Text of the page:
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Wednesday, June 13, 2012

YELLOW RATTLE: NO LONGER USED IN MEDICINE: HISTORY OF YELLOW RATTLE


YELLOW RATTLE, CRIVELL MELYN IN WELSH, RHINANTHUS MINOR
Yellow rattle or yellow rattle grass, gets its name because the flowers are yellow and when ripe, the seeds rattle in their husky pod. In the past this was named Rhinanthus crista-galli which once again is evidence of the imagination of our ancestors. The Rhin part of the genus name means nose and anthus is flower, so it is the nose flower, because of the protruding top part of the flower. Crista-galli, means cock’s comb and Pliny tells us that it was thought that the hairs and leaves of the plant looked liked a cock’s crest. However now it is just the minor or lesser nose flower!
  It grows to heights of around two feet and is native to Europe, including Britain and the USA and Canada, although perhaps it has naturalized there. The stems of the plants are spotted with purple which makes it easy to identify.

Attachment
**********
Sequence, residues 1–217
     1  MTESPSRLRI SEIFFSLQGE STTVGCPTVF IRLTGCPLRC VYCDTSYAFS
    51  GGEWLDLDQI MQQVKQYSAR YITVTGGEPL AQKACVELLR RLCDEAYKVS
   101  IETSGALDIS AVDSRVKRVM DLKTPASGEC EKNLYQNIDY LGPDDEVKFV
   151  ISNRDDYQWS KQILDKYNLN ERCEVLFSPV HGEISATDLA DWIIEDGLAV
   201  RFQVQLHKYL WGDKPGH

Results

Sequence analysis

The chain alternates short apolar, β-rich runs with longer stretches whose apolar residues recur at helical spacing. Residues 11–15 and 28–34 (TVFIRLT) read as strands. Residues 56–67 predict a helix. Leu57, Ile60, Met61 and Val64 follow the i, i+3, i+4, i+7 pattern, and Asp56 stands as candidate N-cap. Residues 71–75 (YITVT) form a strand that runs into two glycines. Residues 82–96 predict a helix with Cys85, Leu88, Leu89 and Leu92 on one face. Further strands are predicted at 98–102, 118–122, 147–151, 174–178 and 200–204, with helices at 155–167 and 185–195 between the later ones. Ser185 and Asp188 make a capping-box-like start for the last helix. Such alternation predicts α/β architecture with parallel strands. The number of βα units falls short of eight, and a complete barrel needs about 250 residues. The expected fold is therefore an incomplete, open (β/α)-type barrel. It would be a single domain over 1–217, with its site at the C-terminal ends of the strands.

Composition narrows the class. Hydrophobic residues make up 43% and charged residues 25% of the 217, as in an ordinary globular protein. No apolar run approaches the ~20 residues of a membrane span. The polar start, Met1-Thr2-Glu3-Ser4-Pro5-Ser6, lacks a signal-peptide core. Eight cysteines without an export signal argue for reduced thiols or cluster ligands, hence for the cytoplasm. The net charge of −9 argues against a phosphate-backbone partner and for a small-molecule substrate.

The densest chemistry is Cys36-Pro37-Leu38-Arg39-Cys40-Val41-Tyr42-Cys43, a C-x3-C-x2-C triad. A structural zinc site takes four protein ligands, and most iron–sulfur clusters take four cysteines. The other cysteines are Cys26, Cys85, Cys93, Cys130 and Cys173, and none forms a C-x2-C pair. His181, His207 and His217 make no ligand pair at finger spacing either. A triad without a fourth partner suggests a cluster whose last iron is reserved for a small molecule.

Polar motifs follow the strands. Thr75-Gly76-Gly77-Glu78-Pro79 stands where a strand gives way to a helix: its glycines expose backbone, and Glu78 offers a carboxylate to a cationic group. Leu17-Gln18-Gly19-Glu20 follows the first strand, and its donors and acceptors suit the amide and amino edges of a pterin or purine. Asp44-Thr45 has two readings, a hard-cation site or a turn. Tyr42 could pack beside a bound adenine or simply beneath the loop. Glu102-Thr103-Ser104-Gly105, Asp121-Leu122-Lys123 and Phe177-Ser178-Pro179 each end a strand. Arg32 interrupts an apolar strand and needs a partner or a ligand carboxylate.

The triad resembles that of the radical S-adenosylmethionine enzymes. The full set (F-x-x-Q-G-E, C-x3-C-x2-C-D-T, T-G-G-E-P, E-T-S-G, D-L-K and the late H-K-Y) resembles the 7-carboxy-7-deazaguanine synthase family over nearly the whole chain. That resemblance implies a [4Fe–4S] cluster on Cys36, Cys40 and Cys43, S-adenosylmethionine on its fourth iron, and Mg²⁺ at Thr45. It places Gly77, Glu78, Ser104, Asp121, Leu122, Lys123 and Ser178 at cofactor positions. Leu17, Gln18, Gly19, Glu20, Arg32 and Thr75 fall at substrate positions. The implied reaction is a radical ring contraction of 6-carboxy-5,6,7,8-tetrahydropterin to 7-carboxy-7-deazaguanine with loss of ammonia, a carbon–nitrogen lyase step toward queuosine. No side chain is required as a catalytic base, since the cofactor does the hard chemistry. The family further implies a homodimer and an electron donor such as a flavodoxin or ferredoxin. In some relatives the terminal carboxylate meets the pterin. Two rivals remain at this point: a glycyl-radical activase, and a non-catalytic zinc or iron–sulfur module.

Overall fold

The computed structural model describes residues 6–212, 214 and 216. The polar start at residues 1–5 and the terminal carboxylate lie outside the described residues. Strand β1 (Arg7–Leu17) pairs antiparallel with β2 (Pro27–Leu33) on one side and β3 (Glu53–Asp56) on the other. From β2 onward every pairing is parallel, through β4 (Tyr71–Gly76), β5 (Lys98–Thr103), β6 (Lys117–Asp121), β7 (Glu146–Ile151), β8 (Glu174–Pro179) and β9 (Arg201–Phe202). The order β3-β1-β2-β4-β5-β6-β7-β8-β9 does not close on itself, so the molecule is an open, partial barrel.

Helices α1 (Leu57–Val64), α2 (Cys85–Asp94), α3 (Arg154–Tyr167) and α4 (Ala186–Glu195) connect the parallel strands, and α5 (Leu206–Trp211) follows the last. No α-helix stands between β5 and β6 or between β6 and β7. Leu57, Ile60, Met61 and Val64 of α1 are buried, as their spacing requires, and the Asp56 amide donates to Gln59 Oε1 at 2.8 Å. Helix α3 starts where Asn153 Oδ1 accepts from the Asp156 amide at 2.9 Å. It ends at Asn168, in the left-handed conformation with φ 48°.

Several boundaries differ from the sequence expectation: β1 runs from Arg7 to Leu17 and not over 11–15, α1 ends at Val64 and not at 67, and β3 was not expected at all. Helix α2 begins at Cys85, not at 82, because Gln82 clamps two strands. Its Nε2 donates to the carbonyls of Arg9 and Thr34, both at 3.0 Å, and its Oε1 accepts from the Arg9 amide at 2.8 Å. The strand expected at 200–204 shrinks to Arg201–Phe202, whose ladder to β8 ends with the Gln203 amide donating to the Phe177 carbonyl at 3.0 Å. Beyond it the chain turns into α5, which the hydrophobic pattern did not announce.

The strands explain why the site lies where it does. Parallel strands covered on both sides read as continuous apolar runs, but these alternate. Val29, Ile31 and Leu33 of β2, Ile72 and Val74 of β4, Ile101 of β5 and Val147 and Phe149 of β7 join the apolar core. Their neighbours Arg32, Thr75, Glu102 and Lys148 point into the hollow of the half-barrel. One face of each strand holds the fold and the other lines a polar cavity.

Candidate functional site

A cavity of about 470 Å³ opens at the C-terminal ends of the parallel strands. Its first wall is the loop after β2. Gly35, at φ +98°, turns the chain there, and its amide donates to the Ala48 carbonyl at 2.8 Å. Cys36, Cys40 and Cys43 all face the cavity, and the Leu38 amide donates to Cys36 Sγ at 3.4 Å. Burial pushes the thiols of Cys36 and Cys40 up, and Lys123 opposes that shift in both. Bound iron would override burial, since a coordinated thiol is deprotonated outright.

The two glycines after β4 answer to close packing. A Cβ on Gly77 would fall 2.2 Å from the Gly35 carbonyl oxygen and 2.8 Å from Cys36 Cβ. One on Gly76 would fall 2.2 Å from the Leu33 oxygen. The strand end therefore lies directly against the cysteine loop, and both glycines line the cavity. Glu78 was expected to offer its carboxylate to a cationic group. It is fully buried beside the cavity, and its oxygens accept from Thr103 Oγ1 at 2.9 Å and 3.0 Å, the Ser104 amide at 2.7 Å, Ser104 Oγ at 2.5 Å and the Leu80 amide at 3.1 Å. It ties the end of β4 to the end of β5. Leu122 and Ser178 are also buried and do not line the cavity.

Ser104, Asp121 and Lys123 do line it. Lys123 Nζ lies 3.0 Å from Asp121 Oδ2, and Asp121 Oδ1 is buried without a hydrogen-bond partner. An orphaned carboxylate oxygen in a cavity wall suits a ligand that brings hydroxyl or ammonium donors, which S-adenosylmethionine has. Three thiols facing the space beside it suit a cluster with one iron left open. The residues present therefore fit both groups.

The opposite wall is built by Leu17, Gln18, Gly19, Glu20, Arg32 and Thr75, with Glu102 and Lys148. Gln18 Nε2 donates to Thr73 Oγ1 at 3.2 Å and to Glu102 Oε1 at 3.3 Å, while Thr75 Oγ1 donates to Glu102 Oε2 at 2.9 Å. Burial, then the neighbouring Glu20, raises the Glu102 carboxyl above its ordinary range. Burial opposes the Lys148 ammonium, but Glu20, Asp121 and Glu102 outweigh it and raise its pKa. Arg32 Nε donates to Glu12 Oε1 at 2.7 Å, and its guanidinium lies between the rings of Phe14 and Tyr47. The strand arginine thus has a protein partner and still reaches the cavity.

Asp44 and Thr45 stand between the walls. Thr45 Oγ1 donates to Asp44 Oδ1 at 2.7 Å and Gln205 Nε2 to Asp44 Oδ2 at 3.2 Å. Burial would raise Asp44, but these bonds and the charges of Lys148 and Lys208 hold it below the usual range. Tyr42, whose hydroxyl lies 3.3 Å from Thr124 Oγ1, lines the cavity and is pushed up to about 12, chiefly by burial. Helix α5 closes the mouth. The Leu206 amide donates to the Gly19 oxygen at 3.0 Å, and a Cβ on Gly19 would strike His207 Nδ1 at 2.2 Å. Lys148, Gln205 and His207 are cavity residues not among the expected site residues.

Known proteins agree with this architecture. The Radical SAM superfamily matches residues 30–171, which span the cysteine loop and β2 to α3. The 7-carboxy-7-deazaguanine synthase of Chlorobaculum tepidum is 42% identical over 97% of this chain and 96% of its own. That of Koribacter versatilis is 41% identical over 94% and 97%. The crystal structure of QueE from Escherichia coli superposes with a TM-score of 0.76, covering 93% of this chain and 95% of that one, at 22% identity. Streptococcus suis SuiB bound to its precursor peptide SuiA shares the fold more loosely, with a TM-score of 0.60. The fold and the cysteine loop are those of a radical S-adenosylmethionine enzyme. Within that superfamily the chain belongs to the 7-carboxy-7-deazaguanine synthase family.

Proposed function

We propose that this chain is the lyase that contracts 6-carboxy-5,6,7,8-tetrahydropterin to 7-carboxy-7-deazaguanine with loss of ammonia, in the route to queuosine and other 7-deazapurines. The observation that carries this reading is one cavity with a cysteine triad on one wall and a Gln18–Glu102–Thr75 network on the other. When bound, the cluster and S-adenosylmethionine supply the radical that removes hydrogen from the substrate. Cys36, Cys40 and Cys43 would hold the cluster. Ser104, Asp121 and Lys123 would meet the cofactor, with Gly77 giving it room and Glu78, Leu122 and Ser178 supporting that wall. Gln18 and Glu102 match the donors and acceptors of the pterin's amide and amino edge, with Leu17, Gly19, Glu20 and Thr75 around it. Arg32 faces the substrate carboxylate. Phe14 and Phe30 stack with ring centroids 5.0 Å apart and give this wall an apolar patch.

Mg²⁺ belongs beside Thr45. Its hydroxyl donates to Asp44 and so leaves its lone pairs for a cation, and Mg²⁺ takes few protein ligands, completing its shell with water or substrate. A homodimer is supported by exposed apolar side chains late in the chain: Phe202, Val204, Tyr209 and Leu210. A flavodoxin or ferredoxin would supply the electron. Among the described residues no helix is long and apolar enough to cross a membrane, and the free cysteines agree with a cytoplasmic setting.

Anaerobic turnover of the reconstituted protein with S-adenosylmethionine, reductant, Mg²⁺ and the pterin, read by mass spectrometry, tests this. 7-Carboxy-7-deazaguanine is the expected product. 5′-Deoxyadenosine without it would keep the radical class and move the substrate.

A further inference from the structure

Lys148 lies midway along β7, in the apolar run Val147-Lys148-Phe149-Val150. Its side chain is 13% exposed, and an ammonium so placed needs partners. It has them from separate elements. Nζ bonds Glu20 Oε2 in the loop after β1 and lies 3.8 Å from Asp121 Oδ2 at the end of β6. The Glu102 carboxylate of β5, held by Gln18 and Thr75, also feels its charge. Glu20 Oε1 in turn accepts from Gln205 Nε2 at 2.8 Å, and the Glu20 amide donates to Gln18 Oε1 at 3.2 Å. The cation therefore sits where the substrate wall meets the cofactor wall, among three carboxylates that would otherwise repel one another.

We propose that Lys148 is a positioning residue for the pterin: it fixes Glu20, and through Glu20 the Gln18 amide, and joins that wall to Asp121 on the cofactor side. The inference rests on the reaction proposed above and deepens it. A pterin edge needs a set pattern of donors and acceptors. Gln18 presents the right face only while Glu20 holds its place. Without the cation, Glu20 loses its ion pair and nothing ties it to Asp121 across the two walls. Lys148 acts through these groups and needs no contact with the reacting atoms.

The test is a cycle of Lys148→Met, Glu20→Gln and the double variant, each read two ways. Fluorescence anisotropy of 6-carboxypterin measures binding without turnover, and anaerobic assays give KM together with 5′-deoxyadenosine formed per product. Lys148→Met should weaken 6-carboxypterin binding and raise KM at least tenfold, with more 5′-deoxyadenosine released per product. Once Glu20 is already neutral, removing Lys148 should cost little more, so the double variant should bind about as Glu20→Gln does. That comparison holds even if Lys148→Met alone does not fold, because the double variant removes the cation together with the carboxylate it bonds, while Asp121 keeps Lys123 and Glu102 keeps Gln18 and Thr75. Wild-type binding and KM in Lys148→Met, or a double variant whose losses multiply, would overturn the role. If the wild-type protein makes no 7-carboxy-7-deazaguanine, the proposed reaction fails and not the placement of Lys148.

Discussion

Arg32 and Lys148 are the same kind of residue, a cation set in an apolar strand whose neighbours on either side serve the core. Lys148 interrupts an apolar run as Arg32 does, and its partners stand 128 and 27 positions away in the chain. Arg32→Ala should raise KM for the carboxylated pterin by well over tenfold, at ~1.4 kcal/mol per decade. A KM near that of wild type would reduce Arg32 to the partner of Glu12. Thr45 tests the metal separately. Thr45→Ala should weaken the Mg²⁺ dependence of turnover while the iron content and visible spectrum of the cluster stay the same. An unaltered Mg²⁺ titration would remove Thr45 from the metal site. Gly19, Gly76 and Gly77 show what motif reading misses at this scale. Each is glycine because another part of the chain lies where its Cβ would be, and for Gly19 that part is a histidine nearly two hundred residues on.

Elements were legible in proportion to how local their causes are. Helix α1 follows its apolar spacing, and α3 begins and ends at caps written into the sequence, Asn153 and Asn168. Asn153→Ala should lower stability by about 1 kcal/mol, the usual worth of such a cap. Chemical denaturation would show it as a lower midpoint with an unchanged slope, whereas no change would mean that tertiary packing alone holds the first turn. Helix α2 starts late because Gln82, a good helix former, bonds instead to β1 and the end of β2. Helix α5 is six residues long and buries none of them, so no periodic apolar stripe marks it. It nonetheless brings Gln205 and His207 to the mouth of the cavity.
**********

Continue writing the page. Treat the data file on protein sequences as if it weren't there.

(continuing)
The seed pods are flattened, and round, which is probably why the 16th century English herbalist John Gerard referred to it as “Pennygrass.”                             
  It is a hemiparasite and lives partially off grass, so if you want to give other plants more room to grow and to get rid of unwanted grass, this is the plant for you. Experiments are underway to discover just how this plant can help agriculturists and the soil.
  In Mediaeval times this yellow rattle was thought to have similar medicinal properties to Eyebright, and was thought to be very efficacious in eye problems. This is how Nicholas Culpeper, the 17th century English herbalist describes its medicinal use in his Herball:-
“The yellow rattle, or cock's comb, is held to be good for those that are troubled with a cough, or dimness of sight, if the herb, being boiled with beans, and some honey put thereto, be drank or dropped into the eyes. The whole seed being put into the eyes, draws forth any skin, dimness or film, from the sight, without trouble, or pain.”
 It is currently in the Orobanchaceae family (so it is a relative of the parasitic Common broomrape) having being recently moved from that of the Scrophulariaceae which formerly made it a relative of mullein and figwort
  However it is another of the ancient herbs that are no longer used.

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